We’ve been waiting for this for a while, but top Cardinals prospect Oscar Taveras is up. Maybe just for now, maybe not forever, but it’s in his hands. Given the anticipation attending his call-up, that’s just as well, since he’ll be swinging the bat with them.
Projections for what Taveras might do are reliably upbeat for the soon-to-be 22-year-old. Dan Szymborski’s ZiPS puts him down for a .779 OPS this year; Baseball Prospectus’ PECOTA has him at .787; and even FanGraphs’ more modest Steamer forecast of .754 would do. The only serious question about him in the big picture is whether he can handle center field in the majors on an every-day basis, but as a right fielder his cannon of an arm should be a major deterrent to opponents’ basepaths mayhem. He can help the Cardinals win right now, and, if he hits and makes a good impression in center, he might also get to stick around beyond Matt Adams’ stint on the disabled list.
And that’s the bigger issue for the Cardinals because, if Taveras’ best position is right field, this is where they run into not just the benefits but also the hazards of the machinelike efficiency of their farm system cranking out yet another excellent prospect. Because if Taveras has to play an outfield corner regularly, instead of living up to the organization’s wishcast that says he has the athleticism to handle center, it’s only a matter of time before he stakes claim to a corner for keeps. Maybe that happens this time around, maybe it has to happen later this summer, but, as Led Zeppelin suggested, Oscar’s time is gonna come.
The question of when one lineup slot becomes his permanently depends not just on Taveras but also on what the Cards want to do with their first base/outfield corner trio of Matt Holliday, Allen Craig and Adams. Say Taveras earns his keep now -- can you really send him back down? Something’s eventually going to have to give, and that means other people’s playing time.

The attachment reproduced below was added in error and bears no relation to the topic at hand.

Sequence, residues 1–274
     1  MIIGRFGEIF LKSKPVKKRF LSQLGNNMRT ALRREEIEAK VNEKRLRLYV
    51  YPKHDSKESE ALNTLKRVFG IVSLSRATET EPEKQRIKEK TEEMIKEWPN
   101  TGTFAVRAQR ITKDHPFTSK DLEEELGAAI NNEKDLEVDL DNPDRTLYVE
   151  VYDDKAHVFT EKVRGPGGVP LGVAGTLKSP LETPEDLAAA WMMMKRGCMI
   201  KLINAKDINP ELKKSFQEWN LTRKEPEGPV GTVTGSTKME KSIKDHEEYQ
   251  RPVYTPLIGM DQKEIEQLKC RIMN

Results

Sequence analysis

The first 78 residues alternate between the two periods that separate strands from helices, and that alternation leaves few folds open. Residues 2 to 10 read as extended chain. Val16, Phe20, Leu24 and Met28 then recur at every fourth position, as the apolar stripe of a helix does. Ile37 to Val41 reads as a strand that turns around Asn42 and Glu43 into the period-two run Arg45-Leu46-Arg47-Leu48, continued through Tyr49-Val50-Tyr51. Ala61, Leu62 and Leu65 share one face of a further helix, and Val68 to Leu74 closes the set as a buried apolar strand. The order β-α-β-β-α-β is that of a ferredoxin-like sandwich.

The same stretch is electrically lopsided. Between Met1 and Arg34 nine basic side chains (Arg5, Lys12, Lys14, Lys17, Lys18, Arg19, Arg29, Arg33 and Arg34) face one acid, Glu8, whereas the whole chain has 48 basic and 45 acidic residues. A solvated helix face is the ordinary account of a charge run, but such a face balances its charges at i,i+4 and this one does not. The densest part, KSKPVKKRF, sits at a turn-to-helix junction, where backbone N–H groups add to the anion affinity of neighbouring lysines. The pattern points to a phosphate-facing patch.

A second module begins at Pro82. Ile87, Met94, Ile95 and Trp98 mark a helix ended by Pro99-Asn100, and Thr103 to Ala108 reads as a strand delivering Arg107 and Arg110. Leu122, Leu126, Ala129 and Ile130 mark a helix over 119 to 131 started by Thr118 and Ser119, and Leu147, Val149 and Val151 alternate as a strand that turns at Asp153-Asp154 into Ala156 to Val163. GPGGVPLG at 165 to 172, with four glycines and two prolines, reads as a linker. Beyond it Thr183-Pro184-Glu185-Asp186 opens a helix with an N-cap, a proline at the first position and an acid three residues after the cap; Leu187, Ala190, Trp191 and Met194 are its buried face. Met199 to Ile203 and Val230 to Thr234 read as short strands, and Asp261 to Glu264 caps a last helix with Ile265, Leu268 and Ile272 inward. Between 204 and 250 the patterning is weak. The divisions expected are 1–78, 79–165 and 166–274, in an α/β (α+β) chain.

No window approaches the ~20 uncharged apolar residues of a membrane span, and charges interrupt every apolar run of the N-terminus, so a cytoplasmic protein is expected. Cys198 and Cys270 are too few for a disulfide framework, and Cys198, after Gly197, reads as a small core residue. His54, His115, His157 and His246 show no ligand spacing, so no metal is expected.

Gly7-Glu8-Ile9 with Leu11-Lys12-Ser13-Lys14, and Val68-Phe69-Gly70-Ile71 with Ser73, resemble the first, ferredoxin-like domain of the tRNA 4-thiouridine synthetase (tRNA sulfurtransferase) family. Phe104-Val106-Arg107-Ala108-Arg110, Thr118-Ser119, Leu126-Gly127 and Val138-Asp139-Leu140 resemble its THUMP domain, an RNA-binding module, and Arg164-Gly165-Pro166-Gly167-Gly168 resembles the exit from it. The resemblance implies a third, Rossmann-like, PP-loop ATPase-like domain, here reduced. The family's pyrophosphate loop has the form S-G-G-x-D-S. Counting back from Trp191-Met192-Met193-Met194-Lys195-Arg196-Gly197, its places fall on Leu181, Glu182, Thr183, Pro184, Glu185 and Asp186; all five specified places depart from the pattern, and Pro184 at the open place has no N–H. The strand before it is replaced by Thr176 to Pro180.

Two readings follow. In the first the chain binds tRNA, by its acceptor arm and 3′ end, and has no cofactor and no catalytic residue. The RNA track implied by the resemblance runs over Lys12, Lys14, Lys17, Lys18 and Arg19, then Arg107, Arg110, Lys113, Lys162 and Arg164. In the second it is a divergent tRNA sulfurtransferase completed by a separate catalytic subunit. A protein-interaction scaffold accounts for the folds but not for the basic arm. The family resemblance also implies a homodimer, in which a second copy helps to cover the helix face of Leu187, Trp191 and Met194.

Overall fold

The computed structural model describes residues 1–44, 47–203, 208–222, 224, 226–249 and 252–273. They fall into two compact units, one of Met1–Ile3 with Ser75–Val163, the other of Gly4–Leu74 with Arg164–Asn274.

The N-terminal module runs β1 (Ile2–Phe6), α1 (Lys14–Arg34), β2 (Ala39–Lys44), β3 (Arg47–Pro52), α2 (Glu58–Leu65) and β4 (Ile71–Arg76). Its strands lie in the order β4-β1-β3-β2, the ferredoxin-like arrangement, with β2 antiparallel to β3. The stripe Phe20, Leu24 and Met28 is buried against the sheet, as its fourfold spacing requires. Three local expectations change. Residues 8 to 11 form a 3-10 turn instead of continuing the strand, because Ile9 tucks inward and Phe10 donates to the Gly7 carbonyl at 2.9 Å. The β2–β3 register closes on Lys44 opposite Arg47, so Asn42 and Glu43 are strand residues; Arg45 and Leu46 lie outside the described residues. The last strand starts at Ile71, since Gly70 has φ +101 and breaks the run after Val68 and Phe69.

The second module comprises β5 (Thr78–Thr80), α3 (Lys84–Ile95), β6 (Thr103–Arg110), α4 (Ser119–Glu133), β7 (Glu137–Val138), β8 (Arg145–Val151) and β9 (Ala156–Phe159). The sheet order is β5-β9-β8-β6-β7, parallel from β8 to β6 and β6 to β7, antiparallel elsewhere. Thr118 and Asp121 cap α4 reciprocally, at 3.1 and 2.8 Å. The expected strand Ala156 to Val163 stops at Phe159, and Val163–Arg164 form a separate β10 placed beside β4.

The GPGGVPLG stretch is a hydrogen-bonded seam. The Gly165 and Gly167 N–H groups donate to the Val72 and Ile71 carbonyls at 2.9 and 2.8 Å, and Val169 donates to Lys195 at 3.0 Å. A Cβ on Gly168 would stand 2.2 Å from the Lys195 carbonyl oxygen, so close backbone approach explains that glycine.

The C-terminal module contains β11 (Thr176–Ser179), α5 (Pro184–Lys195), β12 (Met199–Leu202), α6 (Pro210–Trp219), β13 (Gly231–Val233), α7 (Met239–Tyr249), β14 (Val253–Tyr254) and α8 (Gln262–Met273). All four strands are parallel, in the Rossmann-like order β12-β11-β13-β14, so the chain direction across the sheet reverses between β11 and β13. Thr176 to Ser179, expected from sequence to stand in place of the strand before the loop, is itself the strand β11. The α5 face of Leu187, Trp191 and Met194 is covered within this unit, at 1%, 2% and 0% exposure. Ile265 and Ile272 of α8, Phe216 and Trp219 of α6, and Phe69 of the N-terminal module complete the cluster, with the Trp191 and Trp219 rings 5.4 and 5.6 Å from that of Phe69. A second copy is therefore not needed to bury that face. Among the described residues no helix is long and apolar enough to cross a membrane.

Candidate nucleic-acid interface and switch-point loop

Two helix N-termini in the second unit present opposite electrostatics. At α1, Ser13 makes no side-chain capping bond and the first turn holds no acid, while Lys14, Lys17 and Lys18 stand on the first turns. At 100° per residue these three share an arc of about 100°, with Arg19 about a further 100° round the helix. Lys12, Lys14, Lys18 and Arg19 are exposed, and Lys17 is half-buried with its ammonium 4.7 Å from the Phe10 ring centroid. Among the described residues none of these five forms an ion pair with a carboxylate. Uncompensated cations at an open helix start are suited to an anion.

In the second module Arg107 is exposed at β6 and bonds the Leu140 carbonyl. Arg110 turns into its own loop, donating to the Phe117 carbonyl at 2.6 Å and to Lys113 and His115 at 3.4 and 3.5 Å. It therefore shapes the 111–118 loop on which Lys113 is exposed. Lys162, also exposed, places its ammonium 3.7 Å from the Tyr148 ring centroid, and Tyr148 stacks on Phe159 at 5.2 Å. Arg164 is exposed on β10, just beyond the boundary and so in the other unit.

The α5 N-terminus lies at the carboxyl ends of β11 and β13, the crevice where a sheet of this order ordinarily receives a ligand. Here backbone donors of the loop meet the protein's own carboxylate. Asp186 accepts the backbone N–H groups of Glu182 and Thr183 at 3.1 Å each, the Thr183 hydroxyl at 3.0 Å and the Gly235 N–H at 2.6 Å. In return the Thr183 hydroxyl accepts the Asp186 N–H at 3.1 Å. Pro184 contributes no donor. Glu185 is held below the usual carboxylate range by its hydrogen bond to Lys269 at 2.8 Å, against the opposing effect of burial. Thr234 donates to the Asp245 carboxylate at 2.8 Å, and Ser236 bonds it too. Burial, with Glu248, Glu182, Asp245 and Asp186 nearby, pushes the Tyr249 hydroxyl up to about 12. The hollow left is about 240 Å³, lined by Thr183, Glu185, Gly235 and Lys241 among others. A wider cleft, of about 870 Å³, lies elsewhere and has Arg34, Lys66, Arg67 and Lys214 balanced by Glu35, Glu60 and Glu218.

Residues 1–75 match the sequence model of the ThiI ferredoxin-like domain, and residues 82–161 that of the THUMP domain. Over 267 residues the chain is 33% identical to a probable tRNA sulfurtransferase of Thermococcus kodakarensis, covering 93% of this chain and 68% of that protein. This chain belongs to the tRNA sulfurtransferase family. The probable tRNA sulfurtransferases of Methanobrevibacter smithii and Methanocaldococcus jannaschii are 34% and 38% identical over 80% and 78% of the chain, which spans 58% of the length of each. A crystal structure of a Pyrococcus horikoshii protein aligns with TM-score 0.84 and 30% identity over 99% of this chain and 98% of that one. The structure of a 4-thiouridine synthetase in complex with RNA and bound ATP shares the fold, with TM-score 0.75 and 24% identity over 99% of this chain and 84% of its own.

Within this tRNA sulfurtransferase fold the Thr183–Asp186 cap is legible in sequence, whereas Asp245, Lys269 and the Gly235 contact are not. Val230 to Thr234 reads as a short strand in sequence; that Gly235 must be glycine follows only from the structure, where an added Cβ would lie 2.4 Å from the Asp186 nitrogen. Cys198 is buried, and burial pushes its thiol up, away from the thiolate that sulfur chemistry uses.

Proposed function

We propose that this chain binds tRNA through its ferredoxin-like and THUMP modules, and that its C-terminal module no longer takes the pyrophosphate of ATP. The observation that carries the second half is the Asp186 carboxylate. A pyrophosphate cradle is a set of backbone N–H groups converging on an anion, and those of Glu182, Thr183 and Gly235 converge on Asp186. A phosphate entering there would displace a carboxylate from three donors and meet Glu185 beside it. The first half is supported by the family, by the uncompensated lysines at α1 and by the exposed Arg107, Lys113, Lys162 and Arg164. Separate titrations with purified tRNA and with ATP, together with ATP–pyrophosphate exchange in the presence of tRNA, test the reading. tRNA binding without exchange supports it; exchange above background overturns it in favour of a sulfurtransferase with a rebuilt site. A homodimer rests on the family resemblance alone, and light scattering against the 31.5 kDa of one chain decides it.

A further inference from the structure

In the longer term, as far as how Cardinals GM John Mozeliak might juggle this much talent, keep in mind that Holliday is making $17 million per year and should be Cardinals property through at least 2016, 2017 if the team picks up its option. He’s also already armed with a full no-trade clause. Adams won’t even become eligible for arbitration until 2016. And between those two is Craig, a month and a half shy of turning 30, signed for $25.5 million for 2015-17 with a $13 million club option for 2018 (with a $1 million buyout).
Looking at that ledger, if everyone’s healthy, you can see how this becomes a bit of a playing-time crunch in 2015 and beyond. Sure, let’s say you can spread at-bats around by playing mix-and-match, sitting Adams against all lefties, rotating Craig from first to right to left to give everyone else a rest day every week. Maybe Mike Matheny can make that sale and preserve clubhouse amity. Adding another pennant this year might buy more time.
But at some point you’d have to think the Cards will want to swap out Craig or Adams to patch a hole somewhere else on the roster. Having two guys at very different price points and at different points of their careers as far as service time affords Mozeliak plenty of flexibility to entertain offers down the road. He won’t have to make a deal, but if you want a first baseman you can afford (such as Adams) or an experienced win-now option for first base, DH or either outfield corner (such as Craig), you’ll probably be ringing Mr. Mozeliak. But in the long run, I wouldn’t be surprised to see the Cardinals deal Craig before his deal is done, much as they traded away David Freese (and Fernando Salas) this past winter to get center fielder Peter Bourjos (and Randal Grichuk).
First, though, Taveras has to deliver in the majors, here and now, and not just because we’ve been waiting for him, drooling in anticipation of what he might do. And the rest of it? That’s a problem for several someone elses at a different pay grade, regardless of whether -- or when -- Taveras takes his place among the game’s next generation of superstars.
Christina Kahrl writes about MLB for ESPN. You can follow her on Twitter.